The Pentagon says the planned posts in northern Syria are meant to ease Turkey’s border concerns, but it also describes Ankara’s recent military operations in the region as “instability”.
Pentagon Chief James Mattis recently announced that the US will set up observatory posts in northern Syria close to the Turkish border to ease Ankara’s concerns.
The rationale behind setting up the posts in the area, Mattis said, was to warn Turkey about any threats coming from the Syrian regime. But for Turkey, it is not Syrian President Bashar al Assad’s military but the YPG that poses a primary security threat.
In much of northern Syria, different armed groups from the Turkey-backed FSA to the US-backed YPG are still fighting each other for regional dominance. Since Assad’s military has a very low presence in the region, Turkey considers YPG’s aggressive posturing in the area a military threat.
Supported by the US since 2014, the YPG is the Syrian wing of the PKK, an armed group which is recognised as a terrorist organisation both by Ankara and Washington.
YPG recruits most of its militants from the Kurdish population in northern Syria, which neighbours Turkey’s predominantly Kurdish-populated southeastern region.
Turkey has provided the US with evidence on several occasions to prove a strong link between the YPG and the PKK, but Washington has denied any links between the two. The US justifies its support to the YPG saying the armed group has been instrumental in its fight against Daesh in northern Syria.
Mattis’ latest announcement on the observatory posts is laced with layers of ambiguities, which have failed to address Turkey’s concerns or signal any major policy shift concerning Washington’s position on the YPG.
“We do not say the YPG is the same as PKK,” Mattis said, repeating the US stance regarding the YPG-PKK relationship.
“And the Syrian Democratic Forces [which is mainly led by the YPG], who have lost thousands of troops killed and wounded fighting ISIS [Daesh], got distracted by the instability up around Afrin and Manbij [in northern Syria], so they were not staying fully focused,” Mattis said, portraying the group in a positive light.
Northern Syria: A ground for US-Turkey split
Without naming Turkey, Mattis described Turkey’s military operations in Manbij and Afrin as “instability,” which ended up “distracting” the YPG cadres in their fight against Daesh. The choice of words gave an impression that the Pentagon chief favored the YPG over Turkey.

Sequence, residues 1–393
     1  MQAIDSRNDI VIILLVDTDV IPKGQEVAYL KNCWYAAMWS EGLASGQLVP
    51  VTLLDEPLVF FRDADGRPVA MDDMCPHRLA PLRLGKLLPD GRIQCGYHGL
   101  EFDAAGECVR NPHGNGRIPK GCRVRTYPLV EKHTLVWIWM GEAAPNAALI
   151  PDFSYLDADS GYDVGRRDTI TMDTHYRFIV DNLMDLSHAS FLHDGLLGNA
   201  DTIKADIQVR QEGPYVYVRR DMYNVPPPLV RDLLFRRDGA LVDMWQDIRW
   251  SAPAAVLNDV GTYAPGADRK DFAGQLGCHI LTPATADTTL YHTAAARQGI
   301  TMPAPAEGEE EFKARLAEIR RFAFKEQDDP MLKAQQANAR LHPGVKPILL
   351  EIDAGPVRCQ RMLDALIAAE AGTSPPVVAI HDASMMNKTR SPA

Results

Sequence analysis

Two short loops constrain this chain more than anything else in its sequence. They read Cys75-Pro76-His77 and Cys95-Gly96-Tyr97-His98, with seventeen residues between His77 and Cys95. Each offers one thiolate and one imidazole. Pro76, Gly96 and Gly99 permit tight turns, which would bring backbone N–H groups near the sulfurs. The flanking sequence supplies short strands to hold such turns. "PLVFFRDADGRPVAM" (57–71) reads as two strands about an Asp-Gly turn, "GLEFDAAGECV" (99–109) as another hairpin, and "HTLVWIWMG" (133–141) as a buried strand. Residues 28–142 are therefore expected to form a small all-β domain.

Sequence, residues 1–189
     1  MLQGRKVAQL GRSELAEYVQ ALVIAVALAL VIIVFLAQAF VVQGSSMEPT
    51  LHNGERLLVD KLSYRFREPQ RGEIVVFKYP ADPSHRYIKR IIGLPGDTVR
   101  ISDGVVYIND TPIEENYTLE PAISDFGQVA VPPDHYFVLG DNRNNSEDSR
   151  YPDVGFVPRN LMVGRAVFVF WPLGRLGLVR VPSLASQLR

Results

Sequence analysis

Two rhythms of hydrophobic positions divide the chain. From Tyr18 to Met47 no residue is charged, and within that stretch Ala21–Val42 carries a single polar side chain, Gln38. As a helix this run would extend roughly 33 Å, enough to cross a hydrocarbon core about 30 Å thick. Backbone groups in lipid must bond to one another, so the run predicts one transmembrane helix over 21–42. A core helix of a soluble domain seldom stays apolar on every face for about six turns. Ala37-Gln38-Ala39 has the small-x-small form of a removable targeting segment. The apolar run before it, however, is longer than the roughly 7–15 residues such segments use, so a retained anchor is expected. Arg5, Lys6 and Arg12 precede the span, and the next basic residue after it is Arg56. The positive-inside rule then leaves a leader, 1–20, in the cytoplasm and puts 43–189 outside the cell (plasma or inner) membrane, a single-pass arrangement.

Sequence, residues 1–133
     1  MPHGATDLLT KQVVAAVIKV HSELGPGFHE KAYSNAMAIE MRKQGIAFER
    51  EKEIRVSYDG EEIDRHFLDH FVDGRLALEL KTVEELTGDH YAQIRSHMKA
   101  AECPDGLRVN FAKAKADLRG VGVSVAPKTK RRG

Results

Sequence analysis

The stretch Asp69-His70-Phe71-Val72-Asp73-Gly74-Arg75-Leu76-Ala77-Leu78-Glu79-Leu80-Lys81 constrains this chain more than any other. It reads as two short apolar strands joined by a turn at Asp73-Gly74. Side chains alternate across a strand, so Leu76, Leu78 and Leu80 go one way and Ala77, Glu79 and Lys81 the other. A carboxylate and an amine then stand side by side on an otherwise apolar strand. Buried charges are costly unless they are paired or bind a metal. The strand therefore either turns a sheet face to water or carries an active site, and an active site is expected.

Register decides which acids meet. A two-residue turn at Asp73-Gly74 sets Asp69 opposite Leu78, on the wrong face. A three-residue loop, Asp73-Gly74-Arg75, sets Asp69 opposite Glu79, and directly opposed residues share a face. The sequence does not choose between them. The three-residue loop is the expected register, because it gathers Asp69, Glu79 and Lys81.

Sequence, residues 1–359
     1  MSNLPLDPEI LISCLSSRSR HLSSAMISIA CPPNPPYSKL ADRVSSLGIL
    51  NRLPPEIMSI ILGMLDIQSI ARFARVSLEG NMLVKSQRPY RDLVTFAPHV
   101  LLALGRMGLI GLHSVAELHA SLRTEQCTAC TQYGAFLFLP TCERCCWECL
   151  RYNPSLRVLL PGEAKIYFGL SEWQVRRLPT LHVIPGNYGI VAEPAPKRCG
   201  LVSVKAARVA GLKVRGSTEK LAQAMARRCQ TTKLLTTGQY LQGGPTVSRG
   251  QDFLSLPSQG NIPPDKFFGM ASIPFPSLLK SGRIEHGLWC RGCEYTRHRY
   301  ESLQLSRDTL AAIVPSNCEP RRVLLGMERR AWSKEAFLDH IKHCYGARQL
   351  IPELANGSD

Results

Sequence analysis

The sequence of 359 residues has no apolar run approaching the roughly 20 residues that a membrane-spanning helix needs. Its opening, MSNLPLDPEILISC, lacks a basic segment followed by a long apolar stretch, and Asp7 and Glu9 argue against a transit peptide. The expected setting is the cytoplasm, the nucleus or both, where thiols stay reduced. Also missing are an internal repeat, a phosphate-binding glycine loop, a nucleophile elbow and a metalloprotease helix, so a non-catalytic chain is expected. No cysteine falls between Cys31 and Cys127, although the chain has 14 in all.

The US has about 2,000 soldiers deployed in northern Syria, a presence that became a cause for concern for many Syria observers during Turkish military operations. Many wondered whether the US troops stationed in close proximity to the YPG locations were heading for a collision with Turkish forces.
Turkey recently shelled YPG positions along its southeastern border after leading a successful operation against the group in Afrin earlier this year.
The YPG has long claimed that Turkey’s operations have prevented it from focussing on anti-Daesh operations.
Soon after the Assad regime withdrew from northern Syria, the YPG moved in, creating “cantons” or autonomous districts, in the region in 2012. Turkey’s Operation Olive Branch in January this year pushed out the YPG cadres from the Afrin canton in northwestern Syria. Much to Ankara’s surprise, the US voiced concerns about the scope of the operation.
Manbij is another hot spot between Turkey and the YPG because it’s located west of the Euphrates River. Turkey has declared any YPG extension from east to west of Euphrates as a red line because it could allow the group to create a long corridor next to Turkey’s border and find a way to reach the strategically sensitive Mediterranean Sea.
The YPG, however, continued with its advance, taking over Manbij in 2016, while the US continued to support the armed group, despite Turkey’s protests.
In the recent past, however, Turkey saw a thawing of frosty bilateral ties with Washington, when the two countries agreed on holding joint patrols in Manbij region.
“If the Manbij model is successful, the cooperation in the rest of northern Syria will reflect the Manbij model,” said Matthew Bryza, a former US diplomat and a non-resident fellow of the Atlantic Council.
Though Mattis said that the US will “track any threat” coming toward Turkey and inform the Turkish military about it, Ankara expects Washington to have a clear stance on the YPG question and desist from playing both ways.
Referring to the observatory posts, Mattis said: “This is closely collaborated — we are consulting closely with Turkey, military and State Department. Both were consulting with them.”